That, of course, is just common sense; it’s simply a recognition that the Legislature’s intent would always presumably be to enact a constitutional law.

But if a term is not ambiguous and that term makes the law unconstitutional, then a judge should hold the law unconstitutional and let the Legislature figure out what to do next.

Is ‘Husband’ an Ambiguous Term?

Given that legal primer, let me ask, “Is the word ‘husband’ ambiguous to you?” Let me ask it another way: “Is a ‘husband’ always a male?” Before you answer, keep in mind that even when two women marry, neither of them goes by the moniker “husband.”

My guess is you answered correctly, that a “husband” is a male. But my rather straightforward question was apparently too tricky for Judge McMillan and for our attorney general, Herbert Slatery. For them, the word “husband” in a statute dealing with the insemination of a “married woman” with the consent of her “husband” is apparently ambiguous.

The reason I know that is because Judge McMillan ruled last week, at the urging of our attorney general, that the word “husband” needed to be interpreted. Remember, only ambiguous words need interpreting.

Judge McMillan agreed with General Slatery that the word “husband” needed to be interpreted in a “gender neutral” fashion to mean “spouse,” so that the word “husband” could include a wife.

The excuse given by the judge and General Slatery for this act of judicial legislation was that the law would be unconstitutional if the word “husband” was given its normal and ordinary meaning, which, by the way, is how the Tennessee Supreme Court says words should be interpreted.

Are ‘Husband’ and ‘Wife’ Really Interchangeable Words?

And why would a statute governing the relationship between a “husband” and “wife” be unconstitutional? General Slatery said it is now unconstitutional to have a statute pertaining only to husbands and wives because of the U.S. Supreme Court’s same-sex “marriage” decision, Obergefell v. Hodges. According to him, Obergefell requires judges to rewrite all existing laws governing the family in a sex-neutral way.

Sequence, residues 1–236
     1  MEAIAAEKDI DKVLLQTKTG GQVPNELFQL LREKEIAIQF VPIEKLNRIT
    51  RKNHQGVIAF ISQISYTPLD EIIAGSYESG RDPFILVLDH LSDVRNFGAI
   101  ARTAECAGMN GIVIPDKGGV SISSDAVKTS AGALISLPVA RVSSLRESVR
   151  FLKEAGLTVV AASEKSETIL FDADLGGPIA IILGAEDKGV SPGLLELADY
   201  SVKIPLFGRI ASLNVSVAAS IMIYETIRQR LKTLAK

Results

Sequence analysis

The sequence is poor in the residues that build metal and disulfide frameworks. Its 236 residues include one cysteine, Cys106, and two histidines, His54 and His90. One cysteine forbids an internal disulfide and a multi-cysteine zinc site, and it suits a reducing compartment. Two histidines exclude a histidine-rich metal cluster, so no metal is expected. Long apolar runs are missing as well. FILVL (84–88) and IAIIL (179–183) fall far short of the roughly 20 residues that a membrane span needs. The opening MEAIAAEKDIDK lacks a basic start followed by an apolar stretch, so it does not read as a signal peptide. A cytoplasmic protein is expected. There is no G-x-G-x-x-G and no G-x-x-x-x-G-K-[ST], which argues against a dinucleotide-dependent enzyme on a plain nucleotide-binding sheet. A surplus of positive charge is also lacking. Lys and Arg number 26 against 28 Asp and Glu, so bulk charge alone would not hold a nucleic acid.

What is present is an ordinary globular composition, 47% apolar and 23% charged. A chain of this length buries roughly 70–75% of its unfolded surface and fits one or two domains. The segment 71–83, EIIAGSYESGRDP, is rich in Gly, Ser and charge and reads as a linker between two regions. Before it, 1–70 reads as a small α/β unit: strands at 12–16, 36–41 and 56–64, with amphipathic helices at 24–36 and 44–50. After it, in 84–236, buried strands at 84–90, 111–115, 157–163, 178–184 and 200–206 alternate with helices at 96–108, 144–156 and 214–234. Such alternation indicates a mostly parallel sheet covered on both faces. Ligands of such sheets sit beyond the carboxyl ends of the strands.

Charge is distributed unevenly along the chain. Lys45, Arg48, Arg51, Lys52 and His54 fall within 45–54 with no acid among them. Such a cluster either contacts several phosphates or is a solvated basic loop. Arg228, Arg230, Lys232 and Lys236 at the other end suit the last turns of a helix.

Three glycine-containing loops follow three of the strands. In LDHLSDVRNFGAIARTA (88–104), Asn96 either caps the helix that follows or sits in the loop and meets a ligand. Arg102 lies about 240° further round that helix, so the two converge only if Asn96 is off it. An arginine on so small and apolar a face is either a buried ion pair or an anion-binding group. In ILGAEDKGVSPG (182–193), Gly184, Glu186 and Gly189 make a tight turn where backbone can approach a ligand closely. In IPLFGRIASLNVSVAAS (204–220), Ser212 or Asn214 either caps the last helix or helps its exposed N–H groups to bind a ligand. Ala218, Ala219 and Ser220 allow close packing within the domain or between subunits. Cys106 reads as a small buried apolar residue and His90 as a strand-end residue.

Obergefell did no such thing. In fact, the Texas attorney general recently argued before its state Supreme Court that Obergefell only dealt with the licensure of marriages and the rest of family law was still within the exclusive jurisdiction of the states.

General Slatery Leads Judge Astray

What is maddening is that until General Slatery got involved in the Knoxville case, Judge McMillan had gotten it right. He had ruled, “The statute is not ambiguous. This Court does not read the United States Supreme Court’s opinion in Obergefell . . . to override this Court’s duty to interpret statutes in a manner that gives effect to their plain meaning.”

But when one of the parties asked the judge to consider whether a normal reading of the statute might mean it was unconstitutional, in came the attorney general to “save” the statute from ignominious defeat with his husband-can-really-mean-wife theory of sex and marriage.

What that means is that you can lay this bad decision and the abdication of the state’s jurisdiction over family law directly at the feet of General Slatery.

Some Legislators Are Barking; Will They Bite?

What will the Legislature do now that Judge McMillan thinks rewriting unambiguous laws to make them constitutional is his job—not the Legislature’s?

Moreover, what will they do now that they know their state Supreme Court appointed lawyer—General Slatery—thinks the state should abdicate its jurisdiction over family law to the U.S. Supreme Court and thinks that it is the role of judges, not the Legislature, to rewrite unambiguous laws if they think the law, as written, is unconstitutional?

Stay tuned. Based on a meeting I had the other day, I suspect that come next January some of our legislators may just bite back and try to restore the balance of power between themselves and the judiciary and its lackey, the attorney general. The barking, at least, has started.

David Fowler served in the Tennessee state Senate for 12 years before joining FACT as President in 2006. Read David’s complete bio.